Can You Power Wash A Composite Deck?

Composite decking is known for how easy it is to maintain. There is no need to stain it, replace rotted boards, or deal with the other hassles that come with traditional wood decks. 

The accumulation of dirt, mold, moss, barbeque stains, algae, dust, and other mineral deposits is a common occurrence on composite decks. While maintenance is minimal, there is no doubt that it will need to be cleaned on occasion.

Most people recognize that one of the easiest ways to clean a deck is by using a power washer. However, the big question is “can you power wash a composite deck?”.

Power Washing a Composite Deck

Every spring for several years I filled a bucket with water, added a bit of Dawn dish soap, and sponge cleaned my composite deck. My deck came out looking close to new new every time. The problem was that this cleaning process ate up a good portion of my weekend as I labored away. 

I then wised up and borrowed this Simpson Pressure Washer from a family member to see how well it would work on my composite deck. I checked with Trex, the manufacturer of my composite decking, to verify if a pressure washer was suitable to use for cleaning purposes before I started. 

I found out that the ability to power wash a Trex deck depends on the type of decking used. For example older models of Trex decking cannot be power washed whereas newer high-performance decking can be power washed. 

Since each manufacturer has different recommendations on power washing their decking, we have provided a summary (see below) of what popular composite decking manufacturers state about power/pressure washing their decking. Click the links provided for additional details before power washing. 

Cali Bamboo – They recommend having a professional power wash Cali Bamboo decking at a low pressure with a wide fan-tip. Power washing damage can lead to a loss in the warranty. 

CertainTeed – A pressure washer can be used at 1,500 psi or less with a wide fan-tip at 12 inches or above. Do not pressure wash when mold or mildew are on the surface. They advise to use a skilled professional to complete the pressure washing. 

DuraLife – They recommend against using a pressure washer on their decking. 

Envision – You can use a pressure washer at 1,000 psi or less with a fan-tip to remove mold and mildew. 

Fiberon – This type of decking can be pressure washed at a foot distance or more with a wide fan-tip nozzle while moving in the direction of the grain. A 2,500 psi maximum is recommend. The manufacturer states that a pressure washer should not be used when mold or mildew are on the surface.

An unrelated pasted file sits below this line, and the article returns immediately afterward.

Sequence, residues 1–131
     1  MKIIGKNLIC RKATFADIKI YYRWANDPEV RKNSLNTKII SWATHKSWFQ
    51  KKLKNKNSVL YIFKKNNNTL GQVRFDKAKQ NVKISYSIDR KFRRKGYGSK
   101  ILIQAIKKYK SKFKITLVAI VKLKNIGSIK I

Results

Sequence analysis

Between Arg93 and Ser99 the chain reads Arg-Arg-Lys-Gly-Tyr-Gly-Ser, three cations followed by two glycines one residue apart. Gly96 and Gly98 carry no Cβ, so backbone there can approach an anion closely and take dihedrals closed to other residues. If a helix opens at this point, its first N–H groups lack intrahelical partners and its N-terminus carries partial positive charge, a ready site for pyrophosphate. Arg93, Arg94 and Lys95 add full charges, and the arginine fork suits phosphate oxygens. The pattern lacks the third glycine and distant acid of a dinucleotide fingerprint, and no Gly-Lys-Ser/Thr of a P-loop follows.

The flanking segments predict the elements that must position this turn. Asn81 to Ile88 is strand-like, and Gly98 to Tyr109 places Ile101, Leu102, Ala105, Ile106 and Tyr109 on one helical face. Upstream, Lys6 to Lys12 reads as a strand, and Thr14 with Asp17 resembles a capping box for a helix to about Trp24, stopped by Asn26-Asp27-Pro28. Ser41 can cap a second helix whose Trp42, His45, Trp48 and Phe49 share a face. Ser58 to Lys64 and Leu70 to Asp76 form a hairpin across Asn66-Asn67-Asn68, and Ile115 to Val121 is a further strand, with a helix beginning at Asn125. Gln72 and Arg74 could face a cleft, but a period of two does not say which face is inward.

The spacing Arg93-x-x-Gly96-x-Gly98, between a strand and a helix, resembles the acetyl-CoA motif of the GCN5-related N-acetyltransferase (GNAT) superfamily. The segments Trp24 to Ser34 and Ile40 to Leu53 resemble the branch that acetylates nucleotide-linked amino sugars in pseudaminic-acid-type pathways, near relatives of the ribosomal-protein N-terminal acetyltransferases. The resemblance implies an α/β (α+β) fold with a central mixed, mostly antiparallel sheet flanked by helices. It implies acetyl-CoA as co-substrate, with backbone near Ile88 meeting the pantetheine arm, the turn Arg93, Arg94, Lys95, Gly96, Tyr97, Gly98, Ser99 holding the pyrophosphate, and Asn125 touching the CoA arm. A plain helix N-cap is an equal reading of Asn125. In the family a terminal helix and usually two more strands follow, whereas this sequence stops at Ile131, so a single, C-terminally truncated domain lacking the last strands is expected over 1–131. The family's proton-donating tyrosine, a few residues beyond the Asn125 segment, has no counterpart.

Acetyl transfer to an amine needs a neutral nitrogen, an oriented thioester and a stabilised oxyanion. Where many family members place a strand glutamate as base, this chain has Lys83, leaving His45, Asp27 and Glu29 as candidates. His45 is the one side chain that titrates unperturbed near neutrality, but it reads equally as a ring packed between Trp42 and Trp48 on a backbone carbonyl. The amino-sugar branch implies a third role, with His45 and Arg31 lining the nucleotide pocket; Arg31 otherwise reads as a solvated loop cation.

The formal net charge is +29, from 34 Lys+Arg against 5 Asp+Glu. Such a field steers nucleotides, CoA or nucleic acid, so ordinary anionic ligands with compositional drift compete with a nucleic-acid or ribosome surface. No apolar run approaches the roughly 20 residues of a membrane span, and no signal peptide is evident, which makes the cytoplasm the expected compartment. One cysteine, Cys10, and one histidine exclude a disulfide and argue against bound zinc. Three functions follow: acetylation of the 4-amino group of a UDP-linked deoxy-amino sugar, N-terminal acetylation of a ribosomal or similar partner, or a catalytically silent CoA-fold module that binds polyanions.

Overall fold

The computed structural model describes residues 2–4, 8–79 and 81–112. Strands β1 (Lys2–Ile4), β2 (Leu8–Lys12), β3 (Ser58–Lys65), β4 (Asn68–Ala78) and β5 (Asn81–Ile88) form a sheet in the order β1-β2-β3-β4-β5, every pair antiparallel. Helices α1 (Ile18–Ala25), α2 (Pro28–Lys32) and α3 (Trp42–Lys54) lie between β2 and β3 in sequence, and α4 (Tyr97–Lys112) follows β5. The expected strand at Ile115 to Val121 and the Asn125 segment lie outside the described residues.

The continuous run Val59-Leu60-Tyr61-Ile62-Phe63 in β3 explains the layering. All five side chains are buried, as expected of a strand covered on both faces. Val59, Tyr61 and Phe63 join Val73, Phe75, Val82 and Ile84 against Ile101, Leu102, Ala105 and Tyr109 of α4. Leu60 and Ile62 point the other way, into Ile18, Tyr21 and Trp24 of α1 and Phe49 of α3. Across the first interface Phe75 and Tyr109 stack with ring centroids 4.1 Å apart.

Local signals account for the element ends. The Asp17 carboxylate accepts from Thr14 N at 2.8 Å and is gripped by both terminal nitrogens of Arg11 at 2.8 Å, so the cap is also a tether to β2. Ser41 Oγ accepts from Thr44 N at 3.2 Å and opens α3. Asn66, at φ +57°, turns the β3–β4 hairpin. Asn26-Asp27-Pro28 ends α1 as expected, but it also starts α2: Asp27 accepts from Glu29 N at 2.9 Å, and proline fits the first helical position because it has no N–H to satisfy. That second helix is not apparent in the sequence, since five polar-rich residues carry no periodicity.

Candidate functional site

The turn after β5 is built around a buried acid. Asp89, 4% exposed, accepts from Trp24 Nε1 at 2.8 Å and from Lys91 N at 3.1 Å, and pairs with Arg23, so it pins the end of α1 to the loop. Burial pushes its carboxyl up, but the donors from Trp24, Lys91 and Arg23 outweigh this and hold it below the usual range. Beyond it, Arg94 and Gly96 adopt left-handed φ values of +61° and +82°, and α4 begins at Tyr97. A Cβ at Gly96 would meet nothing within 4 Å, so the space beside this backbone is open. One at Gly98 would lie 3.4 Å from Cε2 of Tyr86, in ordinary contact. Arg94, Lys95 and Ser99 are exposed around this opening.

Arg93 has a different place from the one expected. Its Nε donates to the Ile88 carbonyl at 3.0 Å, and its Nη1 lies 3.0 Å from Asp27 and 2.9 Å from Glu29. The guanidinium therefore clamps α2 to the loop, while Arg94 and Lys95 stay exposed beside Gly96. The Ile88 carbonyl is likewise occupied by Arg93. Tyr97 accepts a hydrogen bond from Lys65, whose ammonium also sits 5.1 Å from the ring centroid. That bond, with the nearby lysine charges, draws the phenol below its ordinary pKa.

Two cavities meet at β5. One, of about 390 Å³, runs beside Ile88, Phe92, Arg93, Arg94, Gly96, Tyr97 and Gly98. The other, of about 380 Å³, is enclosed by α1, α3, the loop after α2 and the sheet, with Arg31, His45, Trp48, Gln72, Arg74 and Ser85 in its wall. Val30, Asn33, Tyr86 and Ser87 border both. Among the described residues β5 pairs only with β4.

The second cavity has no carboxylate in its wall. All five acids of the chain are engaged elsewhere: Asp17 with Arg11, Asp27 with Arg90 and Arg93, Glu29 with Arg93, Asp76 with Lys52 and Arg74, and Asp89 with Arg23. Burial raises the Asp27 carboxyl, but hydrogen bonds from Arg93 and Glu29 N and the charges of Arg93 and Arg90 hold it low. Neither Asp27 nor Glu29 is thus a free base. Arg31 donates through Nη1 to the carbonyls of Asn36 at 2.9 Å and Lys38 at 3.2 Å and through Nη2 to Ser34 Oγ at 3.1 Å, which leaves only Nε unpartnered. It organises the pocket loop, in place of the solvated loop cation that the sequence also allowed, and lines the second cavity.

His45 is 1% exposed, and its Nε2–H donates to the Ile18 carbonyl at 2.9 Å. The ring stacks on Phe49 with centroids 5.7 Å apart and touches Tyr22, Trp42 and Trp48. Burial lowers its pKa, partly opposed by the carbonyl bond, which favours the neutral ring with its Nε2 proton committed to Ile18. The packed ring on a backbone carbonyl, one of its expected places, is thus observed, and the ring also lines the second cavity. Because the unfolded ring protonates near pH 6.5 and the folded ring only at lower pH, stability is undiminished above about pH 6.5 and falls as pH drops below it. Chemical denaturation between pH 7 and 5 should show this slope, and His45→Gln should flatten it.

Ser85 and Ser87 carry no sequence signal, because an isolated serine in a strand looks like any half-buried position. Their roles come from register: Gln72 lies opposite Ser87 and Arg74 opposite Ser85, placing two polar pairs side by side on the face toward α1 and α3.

Lumberock – A maximum of 1,800 psi is recommended with a 20-degree nozzle. 

TimberTech Azek, TiberTech Pro, TimberTech Edge, Reliaboard, Docksider – The company states that power washing should be used for rinsing only with a maximum pressure of 1,500 psi. A fan-tip should be used – working with the grain while spraying the decking. 

Trex – Trex advises against power washing their older generation decking. This includes Accents, Origins, Brasillia, Profiles, or Contours. You can power wash Transcend, Enhance, or Select. A maximum of 3,100 psi, a fan tip, and a spray no closer than 8 inches is recommended to avoid damage.

Unknown Composite Decking – If you are not sure what type of composite decking you have, proceed with caution. The best route to take is to hand wash it annually or semi-annually. If you opt to power or pressure wash the decking, you should start using a low psi, at 12 inches or more,  with a wide fan-tip in an  inconspicuous area.  


Please contact the manufacturer or read the literature that came with your decking if you have any doubts on power washing. A power washer can create serious damage to a composite deck if the pressure is too high, an inappropriate nozzle is used,  and/or the nozzle is held too close to the surface. Always start in an inconspicuous area when power washing to test that it is not damaging the decking.  The safest course will always be to hand wash your composite decking. 

Top Feature Image Credit: Fiberon